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My hubby described this movie as Shogun meets Matrix. Of course, as usual we enjoyed the movie very much, our baby boy came along and all three of us had Arby’s for lunch before the movie. The movie is based upon a true story which took place back in time when Shoguns ruled Japan, province by province and the samurai were the law keepers. A ronin was a leaderless samurai, not a secure position to hold. The concepts of loyalty, honor, the distinction of knowing one’s place and accepting it, hierarchical society and treachery and dying with honor or as a common criminal were a constant throughout the movie.

The scenery was magnificent; the mountains in the distance, the forests in the mist, the verdant meadows and the healthy fields gave Japan a majesty and a character portrait within the movie. The gorgeous Japanese architecture and the stark contrast between the warm beauty of the generous and honorable Lord samurai’s estate and the dark, sinister holdings of the antagonistic, greedy and cold rival Lord samurai made for a distinct good versus evil feel to the landscape.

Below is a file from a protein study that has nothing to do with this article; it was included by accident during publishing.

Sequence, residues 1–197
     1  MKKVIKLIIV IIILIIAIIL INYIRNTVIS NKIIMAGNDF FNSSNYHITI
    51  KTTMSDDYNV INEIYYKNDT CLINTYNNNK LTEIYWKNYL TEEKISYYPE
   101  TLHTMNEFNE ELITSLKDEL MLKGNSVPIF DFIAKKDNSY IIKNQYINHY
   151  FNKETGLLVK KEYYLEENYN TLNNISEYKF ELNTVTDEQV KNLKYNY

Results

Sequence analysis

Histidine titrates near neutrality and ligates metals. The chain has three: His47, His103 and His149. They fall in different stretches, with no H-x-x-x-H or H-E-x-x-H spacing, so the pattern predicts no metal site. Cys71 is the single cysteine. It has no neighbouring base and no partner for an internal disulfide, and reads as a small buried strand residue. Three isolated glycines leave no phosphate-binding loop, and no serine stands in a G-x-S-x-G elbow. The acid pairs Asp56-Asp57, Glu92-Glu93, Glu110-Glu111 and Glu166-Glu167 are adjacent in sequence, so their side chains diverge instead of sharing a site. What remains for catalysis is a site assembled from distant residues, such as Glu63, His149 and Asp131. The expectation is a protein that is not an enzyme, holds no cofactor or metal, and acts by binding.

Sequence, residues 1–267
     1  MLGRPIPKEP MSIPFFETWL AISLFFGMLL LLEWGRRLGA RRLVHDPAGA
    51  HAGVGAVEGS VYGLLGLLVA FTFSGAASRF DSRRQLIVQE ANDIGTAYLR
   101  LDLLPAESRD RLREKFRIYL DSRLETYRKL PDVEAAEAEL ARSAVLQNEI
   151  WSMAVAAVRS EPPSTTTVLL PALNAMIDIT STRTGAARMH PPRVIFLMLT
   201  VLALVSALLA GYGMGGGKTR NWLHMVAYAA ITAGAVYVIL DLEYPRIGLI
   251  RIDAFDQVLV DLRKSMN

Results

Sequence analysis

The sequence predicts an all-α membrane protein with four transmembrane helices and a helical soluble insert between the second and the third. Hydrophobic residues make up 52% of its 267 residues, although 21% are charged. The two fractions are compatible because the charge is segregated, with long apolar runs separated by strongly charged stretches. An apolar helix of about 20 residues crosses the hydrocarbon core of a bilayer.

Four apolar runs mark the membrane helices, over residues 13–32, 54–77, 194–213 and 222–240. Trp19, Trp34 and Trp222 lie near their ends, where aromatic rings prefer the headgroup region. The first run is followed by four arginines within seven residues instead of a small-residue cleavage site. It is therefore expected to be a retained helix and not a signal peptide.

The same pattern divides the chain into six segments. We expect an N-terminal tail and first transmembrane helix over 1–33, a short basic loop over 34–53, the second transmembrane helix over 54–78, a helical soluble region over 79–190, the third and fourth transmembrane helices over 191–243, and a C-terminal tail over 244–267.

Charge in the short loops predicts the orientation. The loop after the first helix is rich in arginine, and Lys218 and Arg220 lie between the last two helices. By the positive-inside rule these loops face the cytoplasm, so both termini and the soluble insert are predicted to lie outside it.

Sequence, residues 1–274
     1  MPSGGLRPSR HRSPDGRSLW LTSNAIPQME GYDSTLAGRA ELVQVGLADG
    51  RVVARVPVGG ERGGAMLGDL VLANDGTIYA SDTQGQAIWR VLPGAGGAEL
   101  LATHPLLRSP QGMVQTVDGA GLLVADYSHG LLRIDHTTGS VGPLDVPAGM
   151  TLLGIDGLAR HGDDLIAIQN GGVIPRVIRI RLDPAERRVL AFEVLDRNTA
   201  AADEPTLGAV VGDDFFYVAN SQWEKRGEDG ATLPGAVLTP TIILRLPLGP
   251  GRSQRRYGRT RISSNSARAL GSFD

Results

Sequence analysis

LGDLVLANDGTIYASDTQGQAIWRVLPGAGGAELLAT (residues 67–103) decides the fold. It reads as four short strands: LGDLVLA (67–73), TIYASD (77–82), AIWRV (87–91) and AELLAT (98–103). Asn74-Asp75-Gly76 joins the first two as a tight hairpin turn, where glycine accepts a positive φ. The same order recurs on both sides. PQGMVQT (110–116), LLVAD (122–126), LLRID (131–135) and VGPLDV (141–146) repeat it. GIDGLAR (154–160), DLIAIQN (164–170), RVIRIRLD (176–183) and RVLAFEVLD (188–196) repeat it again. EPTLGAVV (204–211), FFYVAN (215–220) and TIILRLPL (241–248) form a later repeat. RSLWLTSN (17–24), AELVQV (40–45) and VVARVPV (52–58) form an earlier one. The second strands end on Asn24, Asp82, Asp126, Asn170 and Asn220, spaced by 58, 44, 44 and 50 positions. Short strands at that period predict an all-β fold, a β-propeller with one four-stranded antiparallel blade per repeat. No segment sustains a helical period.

The kimonos worn by the honorable samurai’s daughter were absolutely exquisite, the delicate fabrics and the architectural stylings of each layer over another was sheer perfection to look at and admire. And her hair; with the jeweled accessory pieces interwoven amidst the complicated braids and buns, exquisiteness in its very definition of the word.

I remember seeing Shogun for the first time all those years ago. I watched it for primarily Richard Chamberlain, that was either before or after The Thornbirds, and I think that every teenage girl was in love with him. Aside from the Richard Chamberlain factor, Shogun gave me a glimpse into the intricacies of Japanese society that I later explored further in political science, fascinating stuff Japanese culture and history I assure you. If you enjoyed Shogun then I am fairly sure that you would enjoy 47 Ronin.